Intuitive Eating Principles: How to Find Satisfaction in Everyday Eating

Satisfaction is considered the hub of the wheel in intuitive eating, but what does that mean? For those of us with a history of disordered eating, the concept of eating what you want, in the amount that you want, when you want (while paying heed to hunger and fullness cues) can feel like a tall order. When your food choices have largely been determined by extrinsic values, like a points system, carb counts, or weight goals rather than intrinsic ones, ordering a burger and fries (with a Coke, #pleaseandthanks) can feel equal parts daunting and ridiculous. 

Let’s break it down. 


Satisfaction isn’t (only) about eating “forbidden” foods.

In my dieting days, I thought the only foods that were truly delicious were “forbidden” foods like salt and vinegar chips, pizza, and sour gummy candy. While I enjoyed salads, I never thought of them as crave-worthy. Perhaps you feel similarly? 

While pleasure is central to the intuitive eating process, safety is an important consideration. It’s tough to derive pleasure from foods we don’t feel safe around. You can work toward a more relaxed relationship with food while working through your restrictions in the present moment. It takes time to neutralize the morality our culture attaches to food (see “sinful” or “guilt-inducing”), shelve the weight loss goals, and to integrate true unconditional permission.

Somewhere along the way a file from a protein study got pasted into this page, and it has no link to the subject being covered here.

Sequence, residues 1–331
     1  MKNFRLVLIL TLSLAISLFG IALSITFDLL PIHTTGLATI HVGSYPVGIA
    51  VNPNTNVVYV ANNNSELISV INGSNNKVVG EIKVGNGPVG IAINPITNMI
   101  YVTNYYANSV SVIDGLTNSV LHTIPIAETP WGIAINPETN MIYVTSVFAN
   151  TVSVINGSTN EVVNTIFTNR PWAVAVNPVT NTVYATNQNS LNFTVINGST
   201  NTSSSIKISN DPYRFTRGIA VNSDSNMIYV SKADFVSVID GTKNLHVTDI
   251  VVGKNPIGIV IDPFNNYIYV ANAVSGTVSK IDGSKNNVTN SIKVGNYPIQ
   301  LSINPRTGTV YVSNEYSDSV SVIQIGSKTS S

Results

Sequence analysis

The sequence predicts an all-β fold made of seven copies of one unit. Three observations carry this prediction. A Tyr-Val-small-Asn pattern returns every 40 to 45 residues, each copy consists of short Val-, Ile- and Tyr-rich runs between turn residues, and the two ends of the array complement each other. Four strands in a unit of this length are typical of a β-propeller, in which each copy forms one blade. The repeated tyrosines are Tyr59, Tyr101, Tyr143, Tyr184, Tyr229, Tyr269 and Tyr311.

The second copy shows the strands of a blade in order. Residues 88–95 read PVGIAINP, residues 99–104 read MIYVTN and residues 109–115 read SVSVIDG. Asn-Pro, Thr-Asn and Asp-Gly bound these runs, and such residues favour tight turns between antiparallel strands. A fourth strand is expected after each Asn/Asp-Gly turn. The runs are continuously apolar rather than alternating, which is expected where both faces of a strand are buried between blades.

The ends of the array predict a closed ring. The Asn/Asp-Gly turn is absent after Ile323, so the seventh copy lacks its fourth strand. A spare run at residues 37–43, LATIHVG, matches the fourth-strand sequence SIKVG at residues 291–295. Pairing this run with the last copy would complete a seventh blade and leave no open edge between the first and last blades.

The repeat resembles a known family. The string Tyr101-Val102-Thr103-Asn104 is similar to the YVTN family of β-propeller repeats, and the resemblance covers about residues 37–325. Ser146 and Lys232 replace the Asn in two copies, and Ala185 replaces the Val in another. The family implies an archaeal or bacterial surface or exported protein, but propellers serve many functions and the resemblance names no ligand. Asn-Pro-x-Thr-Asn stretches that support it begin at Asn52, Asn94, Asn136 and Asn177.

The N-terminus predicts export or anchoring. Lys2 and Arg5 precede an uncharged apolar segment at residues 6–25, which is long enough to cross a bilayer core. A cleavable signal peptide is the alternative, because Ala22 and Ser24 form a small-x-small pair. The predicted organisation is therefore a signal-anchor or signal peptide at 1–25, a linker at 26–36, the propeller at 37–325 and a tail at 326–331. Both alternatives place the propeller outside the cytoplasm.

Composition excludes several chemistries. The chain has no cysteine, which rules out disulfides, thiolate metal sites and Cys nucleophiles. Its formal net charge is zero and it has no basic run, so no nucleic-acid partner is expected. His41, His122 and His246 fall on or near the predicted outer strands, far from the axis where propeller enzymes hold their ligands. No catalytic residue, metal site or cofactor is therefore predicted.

Satisfaction can mean eating cheeseburgers and fries, if you like, but you may prefer or need to start with more manageable steps, like eating safe foods to satisfying amounts (rather than measuring), playing with condiments (like rooted garlic mayonnaise and cheesy dips), and broadening the variety you currently consume before moving on to more challenging meals. 

Satisfaction is fluid. 

“Nothing’s certain in life but death and taxes.” Surely you’ve heard that old adage, too? Satisfaction follows suit. The foods you found satisfying in childhood (like Mom’s tuna casserole) may no longer appeal to your adult self, in the same way that what you enjoy now may not be as enjoyable even ten months from now. 

Intuitive eating has truly taught me that our desires are flexible; in the winter I may crave heartier meals and more complex flavour profiles, while I may be perfectly content with a simple egg sandwich come mid-July. My palette is constantly widening in response to new recipe attempts, travels, restaurant meals, and interactions with people whose food interests may vary from my own. 

The foods you find satisfying at the beginning of your intuitive eating journey may not be the same foods you derive satisfaction from several months in. 

Satisfaction is context-dependent.

What passes for a satisfying breakfast on a weekday morning may look vastly different from the satisfying 3-course meal you enjoy on a European vacation. Not every meal is going to be gourmet. There’s nothing wrong with starting your day with a simple bowl of oatmeal, or ending it with some scrambled eggs and toast. The most important thing, always, is adequate, regular, and consistent intake, and it’s okay if that happens to also mean boring, economical, or quick. 

At the same time, you’re welcome to cook a more elaborate meal if you enjoy it, or if you have some extra time and want to cook up something special.